government has concluded that the amending the Interim Constitution for the polls is not possible due to time constraints

KATHMANDU, JUL 27 – After it lost all hopes of holding fresh Constituent Assembly elections in November, the government is all set to fix a new date for the polls by forging consensus among the key stakeholders–the President, Election Commission, political parties and the Ministry of Law.

The government has concluded that the amending the Interim Constitution for the polls is not possible due to time constraints and lack of consensus among political parties.

“The government is trying to set a new date for the elections after consultations with the President, the Election Commission, political parties and the Ministry of Law,” said Prime Minister Baburam Bhattarai’s Political Advisor Devendra Poudel.

Poudel, however, said the government’s preparations to amend the electoral laws through an ordinance will continue despite its decision to defer the elections. “The amendment to the Interim Constitution is not possible without consensus.

“Thus we want to fix a new date and forge consensus on issues,” said Poudel.

Sources close to the EC also said that it will formally inform the government of its inability to hold the elections by Monday.

“Holding elections by November 22 seems impossible and we will formally inform our inability to the government by next Monday,” said EC Spokesman Sharada Prasad Trital.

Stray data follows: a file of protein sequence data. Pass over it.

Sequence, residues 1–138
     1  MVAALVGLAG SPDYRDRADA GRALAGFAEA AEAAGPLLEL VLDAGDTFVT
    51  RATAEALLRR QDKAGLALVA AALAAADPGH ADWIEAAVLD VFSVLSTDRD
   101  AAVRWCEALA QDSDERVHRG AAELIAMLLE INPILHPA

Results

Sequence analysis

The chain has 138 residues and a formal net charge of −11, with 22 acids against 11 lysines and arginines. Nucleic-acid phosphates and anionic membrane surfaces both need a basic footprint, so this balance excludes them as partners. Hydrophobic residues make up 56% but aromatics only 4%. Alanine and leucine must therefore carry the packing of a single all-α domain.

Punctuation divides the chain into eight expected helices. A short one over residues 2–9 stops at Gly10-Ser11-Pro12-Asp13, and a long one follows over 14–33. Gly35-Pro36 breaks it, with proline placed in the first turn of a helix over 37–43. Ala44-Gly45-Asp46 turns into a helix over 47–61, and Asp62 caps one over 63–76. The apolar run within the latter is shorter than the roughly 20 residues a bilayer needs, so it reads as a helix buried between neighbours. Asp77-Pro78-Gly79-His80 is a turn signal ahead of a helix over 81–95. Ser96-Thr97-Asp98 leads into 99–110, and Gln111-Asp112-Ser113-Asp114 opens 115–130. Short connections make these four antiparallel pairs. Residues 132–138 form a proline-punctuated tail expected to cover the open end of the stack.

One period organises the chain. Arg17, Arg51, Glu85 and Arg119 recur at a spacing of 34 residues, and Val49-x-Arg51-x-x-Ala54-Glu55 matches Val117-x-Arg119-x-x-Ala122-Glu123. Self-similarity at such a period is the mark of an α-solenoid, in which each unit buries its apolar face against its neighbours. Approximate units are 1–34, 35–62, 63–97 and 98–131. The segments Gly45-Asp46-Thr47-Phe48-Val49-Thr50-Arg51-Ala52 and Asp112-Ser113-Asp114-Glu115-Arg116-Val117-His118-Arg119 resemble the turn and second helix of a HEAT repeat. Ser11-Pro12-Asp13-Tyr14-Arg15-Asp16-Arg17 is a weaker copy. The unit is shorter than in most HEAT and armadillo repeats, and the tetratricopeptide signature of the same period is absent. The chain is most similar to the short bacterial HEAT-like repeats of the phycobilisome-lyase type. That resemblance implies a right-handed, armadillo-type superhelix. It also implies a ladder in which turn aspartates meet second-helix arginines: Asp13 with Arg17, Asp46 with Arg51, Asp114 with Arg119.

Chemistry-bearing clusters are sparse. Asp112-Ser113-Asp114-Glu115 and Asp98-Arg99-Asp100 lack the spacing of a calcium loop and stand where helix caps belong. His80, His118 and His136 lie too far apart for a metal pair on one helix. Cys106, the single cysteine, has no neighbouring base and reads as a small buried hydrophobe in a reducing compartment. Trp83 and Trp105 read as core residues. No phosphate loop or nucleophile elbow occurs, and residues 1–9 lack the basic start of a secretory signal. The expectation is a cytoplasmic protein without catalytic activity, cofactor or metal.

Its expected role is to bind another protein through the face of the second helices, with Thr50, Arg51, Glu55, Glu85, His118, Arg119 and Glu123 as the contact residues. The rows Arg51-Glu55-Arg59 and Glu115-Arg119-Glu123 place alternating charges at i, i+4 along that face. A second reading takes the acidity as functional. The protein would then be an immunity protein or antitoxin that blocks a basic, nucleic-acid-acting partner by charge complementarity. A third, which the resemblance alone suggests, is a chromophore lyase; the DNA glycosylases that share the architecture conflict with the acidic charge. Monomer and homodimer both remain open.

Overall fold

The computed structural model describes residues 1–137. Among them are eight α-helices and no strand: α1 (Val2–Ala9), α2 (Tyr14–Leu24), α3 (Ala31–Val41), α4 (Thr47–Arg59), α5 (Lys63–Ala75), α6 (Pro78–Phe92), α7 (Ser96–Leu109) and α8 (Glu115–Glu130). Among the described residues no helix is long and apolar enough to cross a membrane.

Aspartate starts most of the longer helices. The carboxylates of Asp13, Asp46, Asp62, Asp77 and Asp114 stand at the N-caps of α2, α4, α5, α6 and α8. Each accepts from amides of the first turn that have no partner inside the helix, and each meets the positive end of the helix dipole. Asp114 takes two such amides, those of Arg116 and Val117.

The grace time given to the government to amend the electoral laws and the Interim Constitution is expiring on Sunday. The grace time was given after the government failed to amend the electoral laws within the earlier deadline of July 22.

The government is at a loss on amending the Interim Constitution in the absence of the Parliament and consensus among political parties.

Two ruling coalition partners, the UCPN (Maoist) and the Madhesi Morcha, have proposed postponing the elections, citing complications in amending electoral acts. However, the opposition Nepali Congress and the CPN-UML have categorically rejected their proposal, arguing that a mere deferral of the elections will not end the current political impasse.

They have been stressing on formation of a national consensus government and fixing a date for new parliamentary elections.Bhadra Sharma,ekantipur

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